Video Game Industry sexualizing half their demographic

With the ever-growing popularity of video games, and increased amount of accessibility on various platforms, rather than acknowledging their largest demographics, unfortunately, the video game industry predominantly seems to ignore one of their biggest demographics, women.

According to research done by Statistics Portal, as of 2015 44 per cent of the gaming community is female, down about four per cent since 2014. While it isn’t the technical majority, research shows that women make up a large percentage of the video game industry, and provide a massive market for producers to advertise to. That being said, games like Mortal Kombat that represent women as sexual objects prove that there’s a massive push against the female market.

In its roster of ten characters, the original Mortal Kombat only featured one female, Sonya Blade. Moreover, Sonya Blade is depicted in tight green spandex and massive breasts. Considering Mortal Kombat came out in 1992, it’s not surprising that the series isn’t attempting to win over a female audience with proper representation. That being said, the series has continued, with its newest release, Mortal Kombat X, being released in 2015, and hasn’t shown much growth in terms of female representation. Characters like Kitana, Mileena and Tanya are still portrayed in scantily clad clothing, with large breasts and thin waists.

While more revealing outfits are fine to wear, it should be the choice of the women; however, Mortal Kombat is meant to be a fighting tournament, and wearing outfits without any protection, that reveal more skin are impractical, proving that these characters are meant to titillate the heterosexual male players, and sexualize women.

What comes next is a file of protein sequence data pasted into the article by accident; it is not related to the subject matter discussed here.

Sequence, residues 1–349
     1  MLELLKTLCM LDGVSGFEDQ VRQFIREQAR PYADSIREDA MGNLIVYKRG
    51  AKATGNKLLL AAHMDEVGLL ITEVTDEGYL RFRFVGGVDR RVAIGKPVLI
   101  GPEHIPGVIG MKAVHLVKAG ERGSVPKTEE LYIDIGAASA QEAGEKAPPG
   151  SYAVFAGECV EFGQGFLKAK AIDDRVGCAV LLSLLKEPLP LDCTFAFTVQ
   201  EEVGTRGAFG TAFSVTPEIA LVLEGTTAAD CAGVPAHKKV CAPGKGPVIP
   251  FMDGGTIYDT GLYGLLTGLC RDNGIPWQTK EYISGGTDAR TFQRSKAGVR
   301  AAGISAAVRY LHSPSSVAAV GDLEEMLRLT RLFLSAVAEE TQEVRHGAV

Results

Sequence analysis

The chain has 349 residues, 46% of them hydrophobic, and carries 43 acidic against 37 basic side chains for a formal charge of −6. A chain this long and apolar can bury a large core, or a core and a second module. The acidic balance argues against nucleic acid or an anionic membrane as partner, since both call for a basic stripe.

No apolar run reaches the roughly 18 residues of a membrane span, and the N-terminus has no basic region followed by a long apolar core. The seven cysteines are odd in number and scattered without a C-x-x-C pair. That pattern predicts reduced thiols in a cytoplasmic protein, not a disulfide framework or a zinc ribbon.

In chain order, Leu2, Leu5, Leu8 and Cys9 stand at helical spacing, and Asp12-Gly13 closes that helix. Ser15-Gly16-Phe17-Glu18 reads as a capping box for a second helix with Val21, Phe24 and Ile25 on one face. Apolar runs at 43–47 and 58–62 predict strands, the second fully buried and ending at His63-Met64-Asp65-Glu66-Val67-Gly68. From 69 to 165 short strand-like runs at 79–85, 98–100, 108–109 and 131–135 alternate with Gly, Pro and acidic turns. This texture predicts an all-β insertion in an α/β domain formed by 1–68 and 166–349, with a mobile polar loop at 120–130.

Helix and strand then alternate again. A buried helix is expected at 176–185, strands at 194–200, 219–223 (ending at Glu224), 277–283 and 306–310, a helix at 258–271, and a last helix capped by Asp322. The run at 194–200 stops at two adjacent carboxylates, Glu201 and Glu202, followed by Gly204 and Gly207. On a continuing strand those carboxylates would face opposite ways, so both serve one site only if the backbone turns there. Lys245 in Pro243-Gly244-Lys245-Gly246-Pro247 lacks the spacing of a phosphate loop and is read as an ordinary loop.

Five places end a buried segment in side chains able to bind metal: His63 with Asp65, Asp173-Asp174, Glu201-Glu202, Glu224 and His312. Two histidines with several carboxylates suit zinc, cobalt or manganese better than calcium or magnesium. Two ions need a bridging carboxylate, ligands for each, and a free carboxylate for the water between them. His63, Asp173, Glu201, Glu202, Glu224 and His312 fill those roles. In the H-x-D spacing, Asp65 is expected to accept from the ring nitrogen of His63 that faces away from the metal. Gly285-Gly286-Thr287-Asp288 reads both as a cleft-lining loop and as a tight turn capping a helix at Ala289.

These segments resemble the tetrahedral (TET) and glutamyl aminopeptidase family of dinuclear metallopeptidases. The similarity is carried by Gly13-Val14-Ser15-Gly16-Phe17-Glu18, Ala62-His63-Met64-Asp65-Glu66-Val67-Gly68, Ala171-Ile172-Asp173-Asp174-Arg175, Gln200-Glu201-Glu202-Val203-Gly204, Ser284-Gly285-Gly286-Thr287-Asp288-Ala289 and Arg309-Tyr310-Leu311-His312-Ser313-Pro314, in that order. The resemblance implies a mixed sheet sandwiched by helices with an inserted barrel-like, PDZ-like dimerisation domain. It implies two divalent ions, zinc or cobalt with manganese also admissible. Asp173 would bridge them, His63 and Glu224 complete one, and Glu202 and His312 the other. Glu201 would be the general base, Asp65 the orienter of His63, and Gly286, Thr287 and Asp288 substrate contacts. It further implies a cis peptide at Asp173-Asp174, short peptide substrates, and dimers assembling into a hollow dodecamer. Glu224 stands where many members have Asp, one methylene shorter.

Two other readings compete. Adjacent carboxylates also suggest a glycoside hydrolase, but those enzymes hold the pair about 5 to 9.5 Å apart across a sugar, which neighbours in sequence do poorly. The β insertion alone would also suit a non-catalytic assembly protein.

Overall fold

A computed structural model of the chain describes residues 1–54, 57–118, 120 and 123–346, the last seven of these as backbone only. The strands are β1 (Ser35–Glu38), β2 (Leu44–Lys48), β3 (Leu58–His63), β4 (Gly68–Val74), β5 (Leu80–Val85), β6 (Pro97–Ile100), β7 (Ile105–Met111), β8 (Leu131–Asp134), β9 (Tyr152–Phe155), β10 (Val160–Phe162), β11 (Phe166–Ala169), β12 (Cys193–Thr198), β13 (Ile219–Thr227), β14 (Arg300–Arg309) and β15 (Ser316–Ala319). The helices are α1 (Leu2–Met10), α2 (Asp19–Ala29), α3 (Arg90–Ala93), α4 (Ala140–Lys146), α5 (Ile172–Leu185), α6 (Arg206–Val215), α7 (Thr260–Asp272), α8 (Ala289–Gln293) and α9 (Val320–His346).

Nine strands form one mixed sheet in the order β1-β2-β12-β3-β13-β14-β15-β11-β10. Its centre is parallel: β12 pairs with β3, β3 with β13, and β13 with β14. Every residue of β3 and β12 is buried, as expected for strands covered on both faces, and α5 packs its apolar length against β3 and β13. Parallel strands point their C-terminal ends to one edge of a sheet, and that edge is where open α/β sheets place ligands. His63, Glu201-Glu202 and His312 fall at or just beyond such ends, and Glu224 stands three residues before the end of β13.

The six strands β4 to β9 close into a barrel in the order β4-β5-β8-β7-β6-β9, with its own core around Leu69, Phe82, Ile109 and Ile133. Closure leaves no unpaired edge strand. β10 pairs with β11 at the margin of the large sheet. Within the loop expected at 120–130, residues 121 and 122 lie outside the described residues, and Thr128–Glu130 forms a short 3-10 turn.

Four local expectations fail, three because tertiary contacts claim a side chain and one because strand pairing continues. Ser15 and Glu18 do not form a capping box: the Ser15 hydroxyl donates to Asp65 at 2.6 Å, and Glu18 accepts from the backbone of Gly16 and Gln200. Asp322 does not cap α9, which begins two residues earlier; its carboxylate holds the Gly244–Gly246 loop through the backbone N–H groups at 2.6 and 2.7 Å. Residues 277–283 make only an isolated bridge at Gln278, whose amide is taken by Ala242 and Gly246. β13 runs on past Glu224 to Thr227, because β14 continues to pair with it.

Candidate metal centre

Mortal Kombat isn’t the only game guilt of sexualizing or misrepresenting women. In fact, many M-rated games treat women as props or distractions. The Grand Theft Auto franchise is infamous for the players free ability to easily find strip clubs and prostitutes to receive sexual favours from them. Not only does the game play on appeal of voyeurism when allowing the player to partake in sexual acts, but also encourages violence against women, specifically sex workers, by allowing the player to brutally beat and murder these women in a variety of ways.

Both Grand Theft Auto and Fallout: New Vegas take this violence to the next level. When players kill someone in GTA, they receive money. In Fallout: New Vegas, players who murder prostitutes gain infamy, and depending on how the player wants their game to go, this, like the money in GTA, is a reward for killing sex workers.

With such an expansive demographic and large market of female consumers, the video game industry should learn to evolve socially. They need to adapt to the expanding female market by toning down their sexualization and violence towards women, if not for the sake of social sensitivity, than for profits.

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